FlyerTalk Forums - View Single Post - 2010 ASTA (string teachers' association, not travel agents) convention
Old Mar 8, 10, 12:10 pm
Join Date: Mar 2000
Location: IAD, BOS, PVD
Programs: UA, US, AS, Marriott, Radisson, Hilton
Posts: 7,200
Woke early, again, to attend a collegiate-level master
class with Donald McInnes. Prof. McInnes is perhaps the
grayest eminence of the field - student of Primrose (and
his successor at USC) and teacher of many of the next two
or three generations of viola soloists. His Captain Kirklike
presence and delivery are a little odd for a music teacher,
but whatever works. The first performer, who reminded me in
demeanor and appearance of my friend Alysia, offered the
Rebecca Clarke sonata, a work underappreciated outside the
violist world but quite well known within. Alysia (not her
real name) is very gifted, but Prof. McInnes gave his best
imitation of the Negotiator as he altered both her stance
and attitude to create a much more powerful performance. It
was inspiring to see a master (much though his style I found
jarring and uncongenial to me) work wonders in just half an
hour. The second student, a meek little thing whose name and
piece I've forgotten, was treated quite differently - Prof.
McInnes was gentle and smooth as satin, bringing out the
best in a student who had much less to offer at this stage
in her development. The hour was over too soon.

There was a coffee break built in, during which time I went
to the UPS store to mail some parts I'd marked up to an
orchestra I'm playing with next month. The UPS person
spent 15 minutes screwing up the previous person's shipment,
so the line grew with the accompaniment of taptaptapping of
impatient feet. My friend Kay joined behind me, and we had
a bit of a chat, and then it was my turn. The UPS person
seemed a little more efficient in my case - but managed to
label the package with my return address as the destination,
which I caught afterward on examining my invoice, so back
to cut in line and have this fixed, which involved voiding
the last transaction (I had to sign a second time) and
overcharging me $4 for the correction (I had to sign a 3rd
time, but didn't check the invoice, as there were places to
go and things to do. I ran at top speed (yay for stents) to
the next session, where I had the honor of introducing the
pre-college violin master class and its leader from Indiana
University, Brenda Brenner. Prof. Brenner approaches music
from a much more Suzuki standpoint than do many of the
clinicians; she is also perceptive and effective. Our
students gave the Eccles Sonata (a piece I played decades
ago on the viola but which has become a Suzuki standby) and
the spectacular Kreisler Praeludium and Allegro - both big
achievements for kids in the late single and early double
digits respectively. Prof. Brenner's own performance had a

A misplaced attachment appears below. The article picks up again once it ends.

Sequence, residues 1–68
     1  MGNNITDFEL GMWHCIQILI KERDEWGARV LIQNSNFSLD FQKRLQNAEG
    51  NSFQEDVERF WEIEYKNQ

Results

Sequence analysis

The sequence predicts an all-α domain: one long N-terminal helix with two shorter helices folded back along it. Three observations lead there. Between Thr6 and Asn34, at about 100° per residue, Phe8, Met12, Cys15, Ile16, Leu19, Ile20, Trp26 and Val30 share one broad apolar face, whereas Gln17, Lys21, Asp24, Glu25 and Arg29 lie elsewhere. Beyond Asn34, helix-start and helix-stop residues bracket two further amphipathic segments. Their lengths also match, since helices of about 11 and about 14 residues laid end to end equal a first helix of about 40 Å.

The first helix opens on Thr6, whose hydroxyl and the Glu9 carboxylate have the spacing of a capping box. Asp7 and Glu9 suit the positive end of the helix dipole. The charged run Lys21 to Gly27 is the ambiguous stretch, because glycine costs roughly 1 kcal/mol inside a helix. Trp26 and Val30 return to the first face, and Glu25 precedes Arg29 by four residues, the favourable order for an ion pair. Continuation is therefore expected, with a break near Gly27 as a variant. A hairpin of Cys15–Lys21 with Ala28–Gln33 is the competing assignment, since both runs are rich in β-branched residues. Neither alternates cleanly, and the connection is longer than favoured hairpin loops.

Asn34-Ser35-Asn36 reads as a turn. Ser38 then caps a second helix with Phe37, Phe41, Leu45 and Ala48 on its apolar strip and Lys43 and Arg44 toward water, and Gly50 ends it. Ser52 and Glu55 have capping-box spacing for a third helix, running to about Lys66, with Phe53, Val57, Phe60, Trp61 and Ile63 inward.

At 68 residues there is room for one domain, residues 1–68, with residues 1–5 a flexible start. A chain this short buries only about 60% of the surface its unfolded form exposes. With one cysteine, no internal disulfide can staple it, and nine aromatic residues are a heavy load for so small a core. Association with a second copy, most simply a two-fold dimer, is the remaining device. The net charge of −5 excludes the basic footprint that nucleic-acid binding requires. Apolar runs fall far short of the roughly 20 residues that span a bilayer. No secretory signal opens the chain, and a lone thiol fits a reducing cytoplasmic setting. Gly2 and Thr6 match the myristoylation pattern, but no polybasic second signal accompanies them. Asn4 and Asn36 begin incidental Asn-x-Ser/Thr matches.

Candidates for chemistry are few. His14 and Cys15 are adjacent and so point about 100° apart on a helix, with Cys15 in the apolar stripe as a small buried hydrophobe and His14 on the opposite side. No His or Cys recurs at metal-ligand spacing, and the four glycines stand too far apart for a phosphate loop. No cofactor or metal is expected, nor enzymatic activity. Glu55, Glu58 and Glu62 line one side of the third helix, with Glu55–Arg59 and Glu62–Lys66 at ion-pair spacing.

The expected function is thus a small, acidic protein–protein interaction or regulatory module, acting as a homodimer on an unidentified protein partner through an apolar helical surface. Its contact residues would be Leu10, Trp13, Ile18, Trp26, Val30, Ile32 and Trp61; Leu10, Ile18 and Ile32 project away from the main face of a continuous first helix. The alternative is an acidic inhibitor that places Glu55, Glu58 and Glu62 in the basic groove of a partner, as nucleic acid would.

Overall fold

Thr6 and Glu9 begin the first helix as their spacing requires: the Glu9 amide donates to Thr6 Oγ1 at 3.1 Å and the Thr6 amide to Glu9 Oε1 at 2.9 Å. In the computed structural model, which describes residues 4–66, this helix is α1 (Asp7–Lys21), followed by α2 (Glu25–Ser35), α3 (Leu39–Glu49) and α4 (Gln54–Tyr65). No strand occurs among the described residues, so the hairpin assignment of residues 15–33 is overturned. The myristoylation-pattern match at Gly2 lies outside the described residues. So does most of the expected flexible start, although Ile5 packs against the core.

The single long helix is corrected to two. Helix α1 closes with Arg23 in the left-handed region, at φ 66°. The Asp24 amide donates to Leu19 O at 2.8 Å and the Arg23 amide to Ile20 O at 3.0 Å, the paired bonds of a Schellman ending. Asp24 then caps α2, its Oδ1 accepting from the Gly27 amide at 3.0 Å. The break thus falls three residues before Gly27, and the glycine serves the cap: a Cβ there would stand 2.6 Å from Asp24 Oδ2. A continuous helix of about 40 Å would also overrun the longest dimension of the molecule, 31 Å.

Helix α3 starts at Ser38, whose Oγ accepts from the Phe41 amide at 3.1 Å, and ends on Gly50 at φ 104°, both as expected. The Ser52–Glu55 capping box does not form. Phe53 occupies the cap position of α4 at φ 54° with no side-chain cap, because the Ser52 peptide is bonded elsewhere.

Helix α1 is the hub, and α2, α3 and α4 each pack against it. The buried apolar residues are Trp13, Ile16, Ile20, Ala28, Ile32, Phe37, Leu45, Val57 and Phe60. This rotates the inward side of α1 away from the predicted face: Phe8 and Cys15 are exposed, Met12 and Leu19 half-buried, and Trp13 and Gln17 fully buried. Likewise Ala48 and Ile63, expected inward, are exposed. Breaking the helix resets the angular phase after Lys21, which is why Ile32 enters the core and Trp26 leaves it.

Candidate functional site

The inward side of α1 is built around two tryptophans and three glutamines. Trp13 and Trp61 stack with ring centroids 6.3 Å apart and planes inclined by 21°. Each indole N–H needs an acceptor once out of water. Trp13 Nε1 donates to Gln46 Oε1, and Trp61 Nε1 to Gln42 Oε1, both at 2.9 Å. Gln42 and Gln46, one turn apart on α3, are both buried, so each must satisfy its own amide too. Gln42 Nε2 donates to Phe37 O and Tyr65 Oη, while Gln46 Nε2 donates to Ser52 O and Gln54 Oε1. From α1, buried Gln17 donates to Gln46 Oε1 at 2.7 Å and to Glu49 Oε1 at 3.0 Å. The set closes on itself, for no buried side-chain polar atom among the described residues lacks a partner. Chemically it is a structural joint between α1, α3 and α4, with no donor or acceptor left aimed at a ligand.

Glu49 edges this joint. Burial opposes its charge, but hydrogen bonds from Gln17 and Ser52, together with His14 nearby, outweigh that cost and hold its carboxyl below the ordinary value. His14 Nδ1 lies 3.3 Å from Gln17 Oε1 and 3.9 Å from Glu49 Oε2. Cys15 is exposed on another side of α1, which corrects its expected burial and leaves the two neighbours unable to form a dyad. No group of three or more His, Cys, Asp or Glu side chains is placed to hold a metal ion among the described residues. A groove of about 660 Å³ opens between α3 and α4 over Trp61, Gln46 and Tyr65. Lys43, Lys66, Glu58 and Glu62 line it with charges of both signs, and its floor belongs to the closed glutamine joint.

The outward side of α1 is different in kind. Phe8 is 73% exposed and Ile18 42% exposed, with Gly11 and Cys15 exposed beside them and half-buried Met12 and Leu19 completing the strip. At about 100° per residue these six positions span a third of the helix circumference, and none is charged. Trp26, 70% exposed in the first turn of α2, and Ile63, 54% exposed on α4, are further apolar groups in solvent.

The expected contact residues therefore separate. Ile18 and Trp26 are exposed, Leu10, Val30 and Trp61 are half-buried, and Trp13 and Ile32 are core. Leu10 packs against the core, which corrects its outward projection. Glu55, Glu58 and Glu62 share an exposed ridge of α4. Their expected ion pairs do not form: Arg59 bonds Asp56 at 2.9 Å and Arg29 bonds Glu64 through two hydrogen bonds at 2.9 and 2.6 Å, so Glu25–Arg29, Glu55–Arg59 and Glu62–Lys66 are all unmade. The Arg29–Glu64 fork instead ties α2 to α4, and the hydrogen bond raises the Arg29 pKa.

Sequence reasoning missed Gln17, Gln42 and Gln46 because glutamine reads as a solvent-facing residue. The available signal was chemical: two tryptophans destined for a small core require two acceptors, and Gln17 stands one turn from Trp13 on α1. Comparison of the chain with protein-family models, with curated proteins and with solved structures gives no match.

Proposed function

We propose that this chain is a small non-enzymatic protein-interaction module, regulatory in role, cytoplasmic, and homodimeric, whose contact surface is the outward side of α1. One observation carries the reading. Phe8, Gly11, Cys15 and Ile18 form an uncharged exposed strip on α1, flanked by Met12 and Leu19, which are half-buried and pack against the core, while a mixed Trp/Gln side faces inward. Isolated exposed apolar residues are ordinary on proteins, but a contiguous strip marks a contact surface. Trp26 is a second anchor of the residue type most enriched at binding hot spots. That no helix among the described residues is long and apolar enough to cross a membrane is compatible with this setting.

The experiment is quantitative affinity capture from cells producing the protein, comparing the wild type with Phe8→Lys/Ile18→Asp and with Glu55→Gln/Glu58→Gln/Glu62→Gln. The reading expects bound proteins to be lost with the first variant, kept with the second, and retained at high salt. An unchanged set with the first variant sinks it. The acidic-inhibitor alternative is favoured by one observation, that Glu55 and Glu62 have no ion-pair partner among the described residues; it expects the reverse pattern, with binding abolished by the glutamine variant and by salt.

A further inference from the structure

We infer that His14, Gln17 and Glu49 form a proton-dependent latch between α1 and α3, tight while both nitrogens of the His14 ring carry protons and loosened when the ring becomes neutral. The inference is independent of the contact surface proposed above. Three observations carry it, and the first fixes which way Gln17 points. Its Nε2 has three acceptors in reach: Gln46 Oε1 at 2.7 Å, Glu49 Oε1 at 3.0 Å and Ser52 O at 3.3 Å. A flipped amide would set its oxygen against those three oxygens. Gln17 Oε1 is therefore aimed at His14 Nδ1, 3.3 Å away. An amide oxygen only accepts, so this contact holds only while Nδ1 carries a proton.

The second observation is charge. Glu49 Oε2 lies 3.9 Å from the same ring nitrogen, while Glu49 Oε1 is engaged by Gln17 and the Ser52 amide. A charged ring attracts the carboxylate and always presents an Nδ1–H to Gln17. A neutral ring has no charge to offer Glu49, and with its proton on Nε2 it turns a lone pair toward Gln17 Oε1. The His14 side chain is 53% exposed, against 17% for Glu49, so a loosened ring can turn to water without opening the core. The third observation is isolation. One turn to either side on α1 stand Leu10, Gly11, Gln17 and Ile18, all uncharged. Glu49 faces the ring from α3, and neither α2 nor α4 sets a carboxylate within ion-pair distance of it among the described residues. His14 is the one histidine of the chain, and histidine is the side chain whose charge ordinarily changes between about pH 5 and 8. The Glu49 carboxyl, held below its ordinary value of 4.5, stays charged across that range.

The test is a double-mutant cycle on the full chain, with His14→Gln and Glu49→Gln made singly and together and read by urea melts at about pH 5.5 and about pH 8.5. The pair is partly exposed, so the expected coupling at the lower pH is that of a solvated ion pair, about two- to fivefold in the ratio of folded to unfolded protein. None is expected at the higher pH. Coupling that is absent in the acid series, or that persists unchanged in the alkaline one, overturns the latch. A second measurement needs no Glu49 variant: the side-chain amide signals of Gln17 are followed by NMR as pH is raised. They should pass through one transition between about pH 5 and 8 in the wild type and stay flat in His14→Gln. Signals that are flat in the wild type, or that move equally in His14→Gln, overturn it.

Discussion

dual focus - on the students, of course, and on ways for
teachers (i.e., 90% or more of the audience) to communicate
via new channels with their students. Valuable in different
(and perhaps more substantial) ways from the previous
master class.

Back to the exhibits, where I found Prof. McInnes and talked
to him a while; Prof. Brenner came by and chatted, and I
lost track of what I had come over to say, one of the
disadvantages of encroaching senility. Visited a few more
vendors, then off to rest the body, rest the body.

Today for lunch I tried La Fontana, the Hilton restaurant,
also an iDine establishment. No fountain in sight, the vista
(obscured, thank goodness, by a translucent plastic shield)
being of the overflow parking of the Great America amusement
park. A simple request: bacon avocado burger, rare. What
came out: a bacon avocado burger, rare. Hallelujah.

The meat was first-rate though preformed and probably
thawed. The bun, of which I ate half, was of excellent
quality. Fresh and tasty lettuce, tomato, red onion.
Four slices of crisp but not hard ?hickory?-smoked bacon
and a half avocado sliced and fanned on top. A really good
sandwich. The accompaniment: shoestring fries on which the
tendency of inexperienced kitchens to try too hard came out
- the potatoes were okay, and they were crisp enough, but
the herb blend shake, Mexican shake, and gratings of grana
all together were quite too all but. Service was prompt and
smiling, and a Guinness was nicely poured.

Back to the hall for the Strings magazine strawberry whipped
cream cake, which was rich and tasty and caused me to sleep
through my friend Bill's talk and some other events.

The closing ceremony involved the Quartet San Francisco,
which I'd always promised my friend Joel (cellist of both
this group and, formerly, one of mine) I'd listen to. Of
course, now that I had the opportunity to hear them, he's
moved to some remote place, and they've replaced him with
some glamor girl (an excellent musician as well). A fun
performance with a guest appearance by the kids of the
Crowden Middle School (as Jeremy Cohen, the first violinist,
points out, it was after all a string teachers' convention,
so what more appropriate than to have students performing
along with their mentors and teachers?).

I toddled in around midnight; next door a party was going
on; annoying but not horrid, and I dozed on and off until
the noise tapered off around 1.
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